“Les Misérables” has now played in thousands of productions all over the world. It was on Broadway from 1987 to 2003 and was then revived in 2006. It has toured the UK and had three US tours. The latest production also achieves another new record. Has there ever been two productions of the same show in London at the same time? No, and when this 25th-anniversary touring production closes at the Barbican on 2 October, there will be a third, for it then joins the cast of the current London production at the Queens Theatre and members of the original 1985 London production for two spectacular performances at the O2 Arena on the following day. After that the new production is scheduled to open in Spain, the US, Australia, Canada, South America, Japan, Korea and South Africa. Who would have thought that, twenty-five years on, “Les Mis” would still be here, in London and in three different stagings at the same time. Not even Mackintosh would have made a bet on the show’s incredible longevity.

“Les Mis” is critic-proof for it is audiences that have championed a musical based on a popular book about the nineteenth-century poor of France that still resonates and speaks volumes for the worldwide poverty that remains with us. Victor Hugo was a timeless writer and, even though in adapting the book for the stage his work has been simplified, there is still enough of its message left. The book has been adapted in full or in part in over fifty films, television series and even animated versions. It is a work that touches the world’s heart, so there is no reason why it shouldn’t continue to play for another quarter-century or more.

Personally speaking, I find it hard to take. It’s a noisy show with too much portentous or bombastic music in which everybody vies to see how loud or how high they can sing. But it also has moments of great passion, sentiment and excitement in a tale of workers fighting poverty, women selling themselves to live, and students rebelling against authority. The individual stories of former thief Jean Valjean, his adopted daughter Fantine, her daughter Cosette and her lover, student Marius are all interwoven into a story of national disquiet and revolution. There are some iconic moments: ‘I Dreamed a Dream’, ‘Come to Me’, ‘Do You Hear the People Sing?’, ‘In My Life’, ‘One Day More’ and ‘Bring Him Home’. My favourite is ‘Master of the House’, a jolly knees-up song by the Thénardiers that threatens to resemble Victor Hugo meets Lionel Bart.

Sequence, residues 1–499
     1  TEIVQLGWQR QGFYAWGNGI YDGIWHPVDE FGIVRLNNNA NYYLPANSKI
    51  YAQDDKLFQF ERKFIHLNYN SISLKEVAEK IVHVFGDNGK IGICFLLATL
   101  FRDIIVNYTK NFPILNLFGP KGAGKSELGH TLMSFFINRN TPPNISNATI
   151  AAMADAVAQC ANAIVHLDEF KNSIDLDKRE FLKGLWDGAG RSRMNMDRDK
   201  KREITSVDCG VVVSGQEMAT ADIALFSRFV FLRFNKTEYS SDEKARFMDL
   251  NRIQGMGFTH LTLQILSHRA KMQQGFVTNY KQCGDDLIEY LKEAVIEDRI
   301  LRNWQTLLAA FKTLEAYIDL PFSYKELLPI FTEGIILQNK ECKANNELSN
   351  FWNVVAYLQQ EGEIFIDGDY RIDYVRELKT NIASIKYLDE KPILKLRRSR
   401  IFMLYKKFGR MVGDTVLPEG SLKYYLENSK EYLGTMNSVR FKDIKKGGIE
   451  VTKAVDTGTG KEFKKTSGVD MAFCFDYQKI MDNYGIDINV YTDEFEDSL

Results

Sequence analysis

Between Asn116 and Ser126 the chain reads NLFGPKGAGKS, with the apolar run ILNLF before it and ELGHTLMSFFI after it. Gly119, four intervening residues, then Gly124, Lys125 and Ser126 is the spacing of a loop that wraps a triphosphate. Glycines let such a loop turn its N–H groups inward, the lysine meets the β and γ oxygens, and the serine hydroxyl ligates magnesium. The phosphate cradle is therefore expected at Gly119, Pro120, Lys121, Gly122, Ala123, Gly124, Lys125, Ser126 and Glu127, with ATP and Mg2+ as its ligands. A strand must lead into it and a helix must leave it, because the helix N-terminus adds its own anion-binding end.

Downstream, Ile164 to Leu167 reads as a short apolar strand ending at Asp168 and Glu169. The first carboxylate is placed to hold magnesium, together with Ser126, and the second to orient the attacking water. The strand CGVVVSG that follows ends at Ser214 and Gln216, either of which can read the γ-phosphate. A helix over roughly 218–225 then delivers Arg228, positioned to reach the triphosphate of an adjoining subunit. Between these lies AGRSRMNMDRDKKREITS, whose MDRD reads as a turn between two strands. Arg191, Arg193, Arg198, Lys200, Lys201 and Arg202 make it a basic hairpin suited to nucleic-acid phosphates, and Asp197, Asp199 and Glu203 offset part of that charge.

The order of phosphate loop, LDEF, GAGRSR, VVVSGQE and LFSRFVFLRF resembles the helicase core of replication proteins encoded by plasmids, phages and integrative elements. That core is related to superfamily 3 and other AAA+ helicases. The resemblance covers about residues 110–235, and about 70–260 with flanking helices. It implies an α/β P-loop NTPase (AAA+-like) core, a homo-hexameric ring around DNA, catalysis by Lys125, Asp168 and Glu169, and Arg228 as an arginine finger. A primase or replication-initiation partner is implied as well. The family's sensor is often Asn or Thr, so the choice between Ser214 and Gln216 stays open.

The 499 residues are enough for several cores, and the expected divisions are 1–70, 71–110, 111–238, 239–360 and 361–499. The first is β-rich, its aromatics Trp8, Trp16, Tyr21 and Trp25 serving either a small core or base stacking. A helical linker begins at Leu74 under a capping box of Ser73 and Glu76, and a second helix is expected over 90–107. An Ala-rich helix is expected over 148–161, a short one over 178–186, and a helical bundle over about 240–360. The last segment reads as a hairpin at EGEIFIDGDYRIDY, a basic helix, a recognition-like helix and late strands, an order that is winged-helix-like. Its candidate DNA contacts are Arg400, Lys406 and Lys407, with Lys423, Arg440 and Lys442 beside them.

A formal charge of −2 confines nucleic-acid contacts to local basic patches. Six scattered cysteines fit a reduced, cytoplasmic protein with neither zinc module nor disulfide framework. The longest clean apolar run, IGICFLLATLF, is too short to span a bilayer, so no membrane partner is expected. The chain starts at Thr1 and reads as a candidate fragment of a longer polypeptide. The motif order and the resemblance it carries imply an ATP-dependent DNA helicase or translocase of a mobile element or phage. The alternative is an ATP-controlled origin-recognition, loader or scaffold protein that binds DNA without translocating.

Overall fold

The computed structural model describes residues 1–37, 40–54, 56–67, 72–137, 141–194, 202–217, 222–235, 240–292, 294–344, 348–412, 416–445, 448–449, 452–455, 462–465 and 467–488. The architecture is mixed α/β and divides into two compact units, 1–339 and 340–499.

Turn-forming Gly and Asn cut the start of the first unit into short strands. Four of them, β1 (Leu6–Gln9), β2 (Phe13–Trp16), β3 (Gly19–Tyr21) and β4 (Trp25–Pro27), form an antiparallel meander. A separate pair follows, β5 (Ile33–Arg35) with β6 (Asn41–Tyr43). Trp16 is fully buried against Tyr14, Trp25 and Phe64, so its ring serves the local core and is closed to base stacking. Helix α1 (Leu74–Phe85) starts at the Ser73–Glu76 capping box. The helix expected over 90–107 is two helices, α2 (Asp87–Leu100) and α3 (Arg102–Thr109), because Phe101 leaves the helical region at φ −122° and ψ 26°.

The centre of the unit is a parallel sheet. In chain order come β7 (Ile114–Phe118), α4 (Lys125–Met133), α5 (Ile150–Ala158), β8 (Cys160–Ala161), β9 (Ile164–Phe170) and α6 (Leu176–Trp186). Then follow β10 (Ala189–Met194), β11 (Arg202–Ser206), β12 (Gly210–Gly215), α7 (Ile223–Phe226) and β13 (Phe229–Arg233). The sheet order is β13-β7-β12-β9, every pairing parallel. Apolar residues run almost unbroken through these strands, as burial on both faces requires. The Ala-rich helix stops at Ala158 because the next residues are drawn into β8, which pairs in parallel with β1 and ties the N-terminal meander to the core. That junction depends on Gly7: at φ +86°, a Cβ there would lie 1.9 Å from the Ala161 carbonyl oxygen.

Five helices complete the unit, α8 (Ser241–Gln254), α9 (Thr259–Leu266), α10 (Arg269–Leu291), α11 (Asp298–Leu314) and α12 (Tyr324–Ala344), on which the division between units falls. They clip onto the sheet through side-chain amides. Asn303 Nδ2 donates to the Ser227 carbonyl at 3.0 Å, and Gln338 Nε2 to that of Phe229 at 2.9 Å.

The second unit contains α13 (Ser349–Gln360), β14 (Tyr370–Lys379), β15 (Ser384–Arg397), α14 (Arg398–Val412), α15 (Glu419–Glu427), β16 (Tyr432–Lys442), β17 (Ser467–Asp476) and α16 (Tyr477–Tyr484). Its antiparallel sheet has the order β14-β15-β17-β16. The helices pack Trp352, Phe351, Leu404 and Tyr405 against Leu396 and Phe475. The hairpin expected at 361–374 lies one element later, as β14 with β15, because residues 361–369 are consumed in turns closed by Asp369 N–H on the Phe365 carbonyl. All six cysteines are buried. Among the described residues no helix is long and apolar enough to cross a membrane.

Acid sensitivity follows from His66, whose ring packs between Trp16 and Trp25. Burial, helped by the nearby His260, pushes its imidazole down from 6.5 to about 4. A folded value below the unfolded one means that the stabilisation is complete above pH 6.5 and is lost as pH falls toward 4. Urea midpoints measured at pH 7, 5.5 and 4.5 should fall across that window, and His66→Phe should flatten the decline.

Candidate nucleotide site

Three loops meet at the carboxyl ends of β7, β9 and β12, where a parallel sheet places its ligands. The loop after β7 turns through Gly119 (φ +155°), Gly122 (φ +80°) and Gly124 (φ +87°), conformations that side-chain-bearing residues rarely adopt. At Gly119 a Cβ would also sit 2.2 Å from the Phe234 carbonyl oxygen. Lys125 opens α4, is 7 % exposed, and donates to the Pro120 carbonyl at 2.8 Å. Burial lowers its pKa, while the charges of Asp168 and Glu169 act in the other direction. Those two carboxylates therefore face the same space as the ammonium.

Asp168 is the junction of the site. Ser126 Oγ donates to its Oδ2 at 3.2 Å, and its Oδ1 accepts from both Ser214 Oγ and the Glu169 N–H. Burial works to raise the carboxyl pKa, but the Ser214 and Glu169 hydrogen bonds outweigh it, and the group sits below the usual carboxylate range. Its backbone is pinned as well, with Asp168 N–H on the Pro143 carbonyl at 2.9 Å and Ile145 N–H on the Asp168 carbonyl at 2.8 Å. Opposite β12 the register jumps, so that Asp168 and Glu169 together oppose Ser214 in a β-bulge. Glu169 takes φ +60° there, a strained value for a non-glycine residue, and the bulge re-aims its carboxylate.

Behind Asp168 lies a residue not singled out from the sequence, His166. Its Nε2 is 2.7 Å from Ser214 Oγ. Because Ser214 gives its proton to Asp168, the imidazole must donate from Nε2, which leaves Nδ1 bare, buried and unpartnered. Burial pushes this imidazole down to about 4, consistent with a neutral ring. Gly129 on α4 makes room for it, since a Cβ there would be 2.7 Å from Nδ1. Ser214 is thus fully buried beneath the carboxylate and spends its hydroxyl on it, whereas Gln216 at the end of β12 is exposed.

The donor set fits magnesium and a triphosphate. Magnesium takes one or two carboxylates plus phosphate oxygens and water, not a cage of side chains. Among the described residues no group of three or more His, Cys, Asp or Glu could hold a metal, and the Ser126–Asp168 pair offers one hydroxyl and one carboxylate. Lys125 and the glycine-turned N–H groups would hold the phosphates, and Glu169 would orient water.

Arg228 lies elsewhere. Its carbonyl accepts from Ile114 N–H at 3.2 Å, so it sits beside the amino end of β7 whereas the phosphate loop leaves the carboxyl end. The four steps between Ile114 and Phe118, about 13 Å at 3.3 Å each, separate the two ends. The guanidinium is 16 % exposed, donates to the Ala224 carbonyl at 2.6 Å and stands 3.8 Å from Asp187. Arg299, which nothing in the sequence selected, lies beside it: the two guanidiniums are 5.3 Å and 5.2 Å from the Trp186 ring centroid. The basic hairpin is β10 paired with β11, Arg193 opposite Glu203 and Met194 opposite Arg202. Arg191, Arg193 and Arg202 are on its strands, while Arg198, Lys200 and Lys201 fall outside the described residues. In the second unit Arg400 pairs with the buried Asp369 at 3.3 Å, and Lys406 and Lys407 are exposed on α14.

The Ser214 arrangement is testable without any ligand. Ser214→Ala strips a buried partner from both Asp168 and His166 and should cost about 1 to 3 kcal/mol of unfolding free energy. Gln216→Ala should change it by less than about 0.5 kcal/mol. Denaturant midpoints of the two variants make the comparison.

Throughout all the sound and fury, however, there are some notable and charismatic performances. John Owen-Jones is a rock-steady Jean Valjean, the former prisoner who changes his life for the good; Earl Carpenter is his nemesis Javert, the police inspector who, “Fugitive”-like, is obsessed with tracking down and punishing Valjean. Jon Robyns as Enjolras, leader of the rebelling students, gives a rip-roaring performance on the barricades; Gareth Gates, runner-up in ITV’s “Pop Idol”, delivers a restrained account of Marius and is all the better for it. Madalena Alberto as Fantine gives an affecting performance of ‘I Dreamed a Dream’ and Rosalind James as Eponine and Katie Hall as Cosette also impress. As the appalling inn-keeping Thénardiers Ashley Artus and Lynne Wilmot provide a certain black-comic relief.The production has designs by Matt Kinley based on the paintings of Victor Hugo that give the piece fluidity and authenticity. It’s probably twenty-five years too late to say it, but this one is going to run and run – again!

  • The 25th-anniversary production of Les Misérables is at the Barbican Theatre until Saturday 2 October
  • Tickets on 0844 243 0791
  • Les Misérables is at the O2 Arena on Sunday 3 October at 1.30 p.m. & 7 p.m.
  • Tickets on 0844 856 0202
  • The West End production continues forever and a day at the Queens Theatre, Shaftesbury Avenue, London W1
  • Tickets on 0844 482 5161
  • Barbican
  • The O2
  • Les Mis